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Nat Commun. 2014 Oct 21;5:5257. doi: 10.1038/ncomms6257.

Genome flux and stasis in a five millennium transect of European prehistory.

Author information

1
1] School of Archaeology, University College Dublin, Belfield, Dublin 4, Ireland [2] Conway Institute, University College Dublin, Belfield, Dublin 4, Ireland [3] Smurfit Institute of Genetics, Trinity College Dublin, Dublin, Ireland.
2
Smurfit Institute of Genetics, Trinity College Dublin, Dublin, Ireland.
3
Institute of Biochemistry and Biology, University of Potsdam, Karl-Liebknecht-Straße 24-25, 14476 Potsdam, Germany.
4
Dobó István Castle Museum, Vár utca 1, H-3300 Eger, Hungary.
5
JPAC-Central Identification Laboratory, 310 Worchester Avenue, Building. 45 Joint Base Pearl Harbor-Hickam, Honalulu, Hawaii 96853-5530, USA.
6
Department of Anthropology, Hungarian Natural History Museum, Ludovika tér 2-6, 1083 Budapest, Hungary.
7
Eötvös Loránd University, Faculty of Humanities, Institute of Archaeological Sciences, Múzeum körút 4/b, H-1o88 Budapest, Hungary.
8
Department of Archaeology and Conservation, Cardiff University, Cardiff CF10 3EU, UK.
9
Déri Museum, Déri tér 1, H-4026 Debrecen, Hungary.
10
Oxford Radiocarbon Accelerator Unit, Research Laboratory for Archaeology and the History of Art, University of Oxford, Dyson Perrins Building, South Parks Road, OX1 3QY Oxford, UK.
11
1] School of Archaeology, University College Dublin, Belfield, Dublin 4, Ireland [2] Conway Institute, University College Dublin, Belfield, Dublin 4, Ireland [3] Smurfit Institute of Genetics, Trinity College Dublin, Dublin, Ireland [4] Earth Institute, University College Dublin, Belfield, Dublin 4, Ireland.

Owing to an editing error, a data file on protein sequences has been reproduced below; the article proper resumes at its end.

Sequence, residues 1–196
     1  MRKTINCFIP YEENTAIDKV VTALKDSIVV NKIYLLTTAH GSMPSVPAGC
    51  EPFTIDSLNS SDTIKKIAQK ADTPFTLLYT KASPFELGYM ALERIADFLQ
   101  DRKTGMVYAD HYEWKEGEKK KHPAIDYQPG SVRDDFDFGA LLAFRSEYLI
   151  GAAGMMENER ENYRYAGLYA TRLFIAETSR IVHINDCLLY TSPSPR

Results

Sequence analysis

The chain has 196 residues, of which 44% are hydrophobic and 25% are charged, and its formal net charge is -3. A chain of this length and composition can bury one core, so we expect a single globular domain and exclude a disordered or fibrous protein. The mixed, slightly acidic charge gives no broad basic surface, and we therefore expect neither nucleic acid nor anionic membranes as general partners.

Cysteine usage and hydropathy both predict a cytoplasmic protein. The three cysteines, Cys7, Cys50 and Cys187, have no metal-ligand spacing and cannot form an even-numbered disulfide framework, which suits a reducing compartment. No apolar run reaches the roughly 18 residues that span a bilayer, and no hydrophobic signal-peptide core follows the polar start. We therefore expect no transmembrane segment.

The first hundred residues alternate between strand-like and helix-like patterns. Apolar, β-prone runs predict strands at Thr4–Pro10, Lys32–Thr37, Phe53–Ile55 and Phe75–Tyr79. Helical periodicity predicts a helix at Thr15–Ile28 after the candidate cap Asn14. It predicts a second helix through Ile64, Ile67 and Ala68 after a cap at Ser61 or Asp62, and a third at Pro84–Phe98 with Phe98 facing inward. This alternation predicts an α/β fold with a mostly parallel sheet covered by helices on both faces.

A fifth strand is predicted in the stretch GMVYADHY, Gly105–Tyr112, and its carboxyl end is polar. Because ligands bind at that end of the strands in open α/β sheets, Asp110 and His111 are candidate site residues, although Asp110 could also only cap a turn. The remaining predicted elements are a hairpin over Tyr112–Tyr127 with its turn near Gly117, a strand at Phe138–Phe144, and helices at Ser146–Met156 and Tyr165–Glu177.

Abstract

The Great Hungarian Plain was a crossroads of cultural transformations that have shaped European prehistory. Here we analyse a 5,000-year transect of human genomes, sampled from petrous bones giving consistently excellent endogenous DNA yields, from 13 Hungarian Neolithic, Copper, Bronze and Iron Age burials including two to high (~22 × ) and seven to ~1 × coverage, to investigate the impact of these on Europe's genetic landscape. These data suggest genomic shifts with the advent of the Neolithic, Bronze and Iron Ages, with interleaved periods of genome stability. The earliest Neolithic context genome shows a European hunter-gatherer genetic signature and a restricted ancestral population size, suggesting direct contact between cultures after the arrival of the first farmers into Europe. The latest, Iron Age, sample reveals an eastern genomic influence concordant with introduced Steppe burial rites. We observe transition towards lighter pigmentation and surprisingly, no Neolithic presence of lactase persistence.

PMID:
25334030
PMCID:
PMC4218962
DOI:
10.1038/ncomms6257
[Indexed for MEDLINE]
Free PMC Article
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